PH Capella RM Question

-- Last Updated: May-02-05 9:17 AM EST --

I recently purchased a P&H Capella RM 166 (triple layer 04 model w/skeg). So far it's been in the water twice for a total of about 6hrs in calm conditions. Both times I noticed a fair amount of water in the back 2 hatches. I use a touring spray skirt and there was very little water in the cockpit

I was wondering if others have had this experience with their Capellas. Any suggestions?

how you seal the rubberized hatches
is important you have to make sure the edges are all carefully placed, and then pushed down. if it still leaks take it to your local paddleshop to have it watertested, (unless you bought it used).

IF you bought it used, try water testing the hatches yourself. Put the kayak up on something, like a set of saw horses, and fill the hatches with water and then turn the kayak upside down. if the hatches leak, you might need new ones, or you might have a problem with the mold. Not sure how you’d fix that but you could call P&H or pyranha to find out.

I’m not sure if it’s the hatches
There was hardly any splashing going on, I couldn’t imagine that much water getting in through the hatch covers. I’m thinking that water might be getting in through the skeg box (is that possible?) and passing through to the other compartment via a bad seal. Or water could be getting into the cockpit (more likely) and passing into the other compartments somehow.

Check your seals around the perimeter of the bulkheads…but I doubt that’s the problem if you have a new Capella.

I just bought 2 new Capellas, a 166 like yours and a 160 for my wife. We had the boats out several times this year already and had the boats exposed to practically full immersion on all hatches with no leaks whatsoever.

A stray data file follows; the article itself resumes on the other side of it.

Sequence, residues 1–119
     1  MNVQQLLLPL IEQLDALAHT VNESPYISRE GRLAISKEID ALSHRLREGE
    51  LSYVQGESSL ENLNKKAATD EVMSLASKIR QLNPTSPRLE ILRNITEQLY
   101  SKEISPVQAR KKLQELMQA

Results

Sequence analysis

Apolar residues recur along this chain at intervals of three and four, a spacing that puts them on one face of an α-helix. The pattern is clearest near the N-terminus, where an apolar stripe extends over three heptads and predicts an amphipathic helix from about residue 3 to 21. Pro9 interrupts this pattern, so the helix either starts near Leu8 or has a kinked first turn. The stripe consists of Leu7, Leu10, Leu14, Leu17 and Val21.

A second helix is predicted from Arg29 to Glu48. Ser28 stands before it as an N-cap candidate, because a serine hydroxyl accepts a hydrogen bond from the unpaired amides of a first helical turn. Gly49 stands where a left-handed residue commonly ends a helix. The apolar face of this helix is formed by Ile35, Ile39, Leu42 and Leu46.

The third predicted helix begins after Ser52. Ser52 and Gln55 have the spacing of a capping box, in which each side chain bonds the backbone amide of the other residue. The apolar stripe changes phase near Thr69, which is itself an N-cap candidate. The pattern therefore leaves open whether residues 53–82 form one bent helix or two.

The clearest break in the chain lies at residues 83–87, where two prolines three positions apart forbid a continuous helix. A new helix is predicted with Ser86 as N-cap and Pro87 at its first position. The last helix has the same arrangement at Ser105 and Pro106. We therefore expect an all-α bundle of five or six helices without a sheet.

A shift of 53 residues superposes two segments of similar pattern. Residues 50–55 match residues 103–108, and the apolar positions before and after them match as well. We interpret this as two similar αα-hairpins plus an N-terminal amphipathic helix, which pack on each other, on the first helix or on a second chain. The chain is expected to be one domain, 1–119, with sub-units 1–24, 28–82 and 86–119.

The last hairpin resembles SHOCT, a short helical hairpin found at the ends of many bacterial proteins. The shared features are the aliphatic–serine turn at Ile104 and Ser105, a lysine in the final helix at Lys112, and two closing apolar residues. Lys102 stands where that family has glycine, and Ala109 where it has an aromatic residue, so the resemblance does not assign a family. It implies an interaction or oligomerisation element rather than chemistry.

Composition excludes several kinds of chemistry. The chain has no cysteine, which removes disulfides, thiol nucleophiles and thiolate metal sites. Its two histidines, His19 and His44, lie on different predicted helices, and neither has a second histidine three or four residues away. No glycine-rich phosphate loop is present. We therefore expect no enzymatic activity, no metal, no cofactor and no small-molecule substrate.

How much water did you see inside?

As stated previously, make sure that rear hatch is sealed tight around the perimeter…I found it’s the tightest fit of all three. When I thought it was sealed, I noticed I didn’t have the inside rim of the hatch cover pressed completely down/sealed around the lip of the hatch.

The amount of water
I soaked up was about 2 (6x5)sponges worth. They weren’t saturated but I still think it was a lot of water for what I was doing. My day hatch had the most and I never even opened that hatch. I was practicing leans but the cockpit never touched the water during a lean.

I guess I’ll test the bulk heads but running a hose in one and seeing if it goes into the other. Then do the same with the skeg box before I talk to the place where I bought it.

A simple test
Pour a gallon or two of water into your day compartment, then lean the boat until the water reaches the gunwales on each side, watching for leaks as you go. This will show you whether either of the rear bulkheads is leaking.

You can test the skeg box by inverting the boat and pouring water into the box, looking for leaks on the inside. You may end up with water running out through the skeg control, but that’s not a problem since it doesn’t get into the boat.

If you don’t find any leaks in these tests, the problem must be the hatches. If the covers have grooves around their circumference, install a loop of bungee on each one and see if that helps.

If that fails, it might be possible to run a thin layer of closed cell foam weatherstripping on top and/or bottom of the hatch cover to provide additional sealing. Lay the cover on inverted on a flat surface, then install a ring of weatherstripping inside where there top of the hatch ring makes contact. Make a diagonal seam, rather than cutting it straight across. A second piece can be installed on the rim of the hatch cover, where it meets the deck. That should prevent any leakage.

it’s definitely possible
to have leakage at the skeg box, the most likely of culprits. I would water test the skeg box by filling up the rear hatch and the seeing if water comes out of the skeg box.

This is easier to fix, a lot of times it is a bad fitting between the fitting on the cable to the skeg linkage, a dealer can show you how it works.